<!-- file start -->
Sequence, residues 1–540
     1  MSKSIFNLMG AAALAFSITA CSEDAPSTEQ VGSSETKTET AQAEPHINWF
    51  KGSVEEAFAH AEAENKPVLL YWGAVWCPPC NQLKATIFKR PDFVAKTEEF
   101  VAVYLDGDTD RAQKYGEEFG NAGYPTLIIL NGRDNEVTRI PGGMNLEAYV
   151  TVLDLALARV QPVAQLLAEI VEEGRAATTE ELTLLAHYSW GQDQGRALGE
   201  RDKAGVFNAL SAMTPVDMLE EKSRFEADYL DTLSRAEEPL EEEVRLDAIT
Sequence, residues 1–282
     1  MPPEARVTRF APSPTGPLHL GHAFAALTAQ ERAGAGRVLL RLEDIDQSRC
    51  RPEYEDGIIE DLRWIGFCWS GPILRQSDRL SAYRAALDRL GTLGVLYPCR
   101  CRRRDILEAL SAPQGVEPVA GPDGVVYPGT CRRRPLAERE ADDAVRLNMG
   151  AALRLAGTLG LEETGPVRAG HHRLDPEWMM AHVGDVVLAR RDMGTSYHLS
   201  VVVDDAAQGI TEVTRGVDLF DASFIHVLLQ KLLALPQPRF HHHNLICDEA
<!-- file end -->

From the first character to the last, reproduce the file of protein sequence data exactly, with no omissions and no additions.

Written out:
Sequence, residues 1–540
     1  MSKSIFNLMG AAALAFSITA CSEDAPSTEQ VGSSETKTET AQAEPHINWF
    51  KGSVEEAFAH AEAENKPVLL YWGAVWCPPC NQLKATIFKR PDFVAKTEEF
   101  VAVYLDGDTD RAQKYGEEFG NAGYPTLIIL NGRDNEVTRI PGGMNLEAYV
   151  TVLDLALARV QPVAQLLAEI VEEGRAATTE ELTLLAHYSW GQDQGRALGE
   201  RDKAGVFNAL SAMTPVDMLE EKSRFEADYL DTLSRAEEPL EEEVRLDAIT
Sequence, residues 1–282
     1  MPPEARVTRF APSPTGPLHL GHAFAALTAQ ERAGAGRVLL RLEDIDQSRC
    51  RPEYEDGIIE DLRWIGFCWS GPILRQSDRL SAYRAALDRL GTLGVLYPCR
   101  CRRRDILEAL SAPQGVEPVA GPDGVVYPGT CRRRPLAERE ADDAVRLNMG
   151  AALRLAGTLG LEETGPVRAG HHRLDPEWMM AHVGDVVLAR RDMGTSYHLS
   201  VVVDDAAQGI TEVTRGVDLF DASFIHVLLQ KLLALPQPRF HHHNLICDEA